Why Did the Lord Chamberlain's Men Change Their Name?

The Lord Chamberlain's Men, the acting company with which William Shakespeare was closely associated, changed its name in 1603 to the King's Men because James I ascended to the throne that year and took the troupe under his patronage. King James was a particular fan of the theater.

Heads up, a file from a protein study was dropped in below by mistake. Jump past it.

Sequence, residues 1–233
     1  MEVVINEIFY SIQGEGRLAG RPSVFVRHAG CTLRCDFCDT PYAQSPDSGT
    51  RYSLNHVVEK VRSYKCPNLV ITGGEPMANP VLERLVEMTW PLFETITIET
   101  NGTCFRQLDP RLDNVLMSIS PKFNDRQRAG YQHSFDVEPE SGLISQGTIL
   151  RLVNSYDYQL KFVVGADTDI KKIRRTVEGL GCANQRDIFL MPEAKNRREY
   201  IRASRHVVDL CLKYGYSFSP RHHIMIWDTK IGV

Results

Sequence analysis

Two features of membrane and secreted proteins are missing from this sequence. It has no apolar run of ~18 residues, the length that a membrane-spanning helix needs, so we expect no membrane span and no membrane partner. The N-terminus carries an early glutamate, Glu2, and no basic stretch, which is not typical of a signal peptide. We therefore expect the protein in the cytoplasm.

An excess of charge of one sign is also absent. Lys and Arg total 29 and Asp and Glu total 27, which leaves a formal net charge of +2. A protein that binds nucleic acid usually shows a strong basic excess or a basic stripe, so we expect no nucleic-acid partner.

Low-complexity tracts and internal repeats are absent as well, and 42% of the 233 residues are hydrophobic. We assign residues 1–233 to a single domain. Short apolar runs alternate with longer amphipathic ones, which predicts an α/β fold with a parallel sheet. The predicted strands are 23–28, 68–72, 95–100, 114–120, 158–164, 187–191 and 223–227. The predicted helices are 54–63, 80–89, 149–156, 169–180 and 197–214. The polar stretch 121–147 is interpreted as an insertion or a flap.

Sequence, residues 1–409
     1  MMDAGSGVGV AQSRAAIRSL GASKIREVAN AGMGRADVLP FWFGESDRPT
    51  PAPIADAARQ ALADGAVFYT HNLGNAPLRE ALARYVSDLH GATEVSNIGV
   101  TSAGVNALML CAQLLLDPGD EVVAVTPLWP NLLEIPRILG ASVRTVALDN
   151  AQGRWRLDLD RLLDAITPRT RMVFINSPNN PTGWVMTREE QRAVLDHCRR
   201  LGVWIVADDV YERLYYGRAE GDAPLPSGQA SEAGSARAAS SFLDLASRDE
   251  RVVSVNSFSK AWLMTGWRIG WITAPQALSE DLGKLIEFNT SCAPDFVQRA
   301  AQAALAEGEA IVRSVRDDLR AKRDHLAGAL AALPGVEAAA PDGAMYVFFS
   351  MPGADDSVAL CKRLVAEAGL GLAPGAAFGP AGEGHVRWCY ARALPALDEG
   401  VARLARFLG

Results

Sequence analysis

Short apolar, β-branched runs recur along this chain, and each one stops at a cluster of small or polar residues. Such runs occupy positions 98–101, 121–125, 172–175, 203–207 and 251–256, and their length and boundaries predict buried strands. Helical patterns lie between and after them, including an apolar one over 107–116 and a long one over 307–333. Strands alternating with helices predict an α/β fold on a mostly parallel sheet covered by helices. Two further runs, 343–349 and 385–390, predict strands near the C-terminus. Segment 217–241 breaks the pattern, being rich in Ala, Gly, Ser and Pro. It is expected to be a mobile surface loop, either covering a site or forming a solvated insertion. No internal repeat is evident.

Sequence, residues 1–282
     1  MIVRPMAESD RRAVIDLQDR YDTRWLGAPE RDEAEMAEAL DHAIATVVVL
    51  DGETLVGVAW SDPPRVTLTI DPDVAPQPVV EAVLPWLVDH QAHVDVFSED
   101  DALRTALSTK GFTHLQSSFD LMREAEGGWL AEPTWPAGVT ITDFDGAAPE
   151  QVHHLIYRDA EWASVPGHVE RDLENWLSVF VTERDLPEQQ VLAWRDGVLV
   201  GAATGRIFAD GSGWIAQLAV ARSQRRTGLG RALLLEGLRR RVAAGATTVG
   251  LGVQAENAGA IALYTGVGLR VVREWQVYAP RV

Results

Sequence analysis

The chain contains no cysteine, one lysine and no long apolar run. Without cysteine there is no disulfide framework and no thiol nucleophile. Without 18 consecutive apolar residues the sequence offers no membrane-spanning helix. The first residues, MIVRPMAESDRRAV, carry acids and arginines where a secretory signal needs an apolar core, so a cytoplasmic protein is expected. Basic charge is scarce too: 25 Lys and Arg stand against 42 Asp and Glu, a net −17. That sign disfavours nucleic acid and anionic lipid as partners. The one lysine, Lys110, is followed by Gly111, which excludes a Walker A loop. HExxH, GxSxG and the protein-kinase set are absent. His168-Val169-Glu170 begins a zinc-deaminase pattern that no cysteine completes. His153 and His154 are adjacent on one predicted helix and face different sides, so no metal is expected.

King James issued patent letters to the company, offering them support to continue their performances and promising to come to the plays when it was suitable for him to do so. Under this royal patronage, the King's Men performed at an indoor theater, the Blackfriars, as well as continuing to stage plays at the Globe.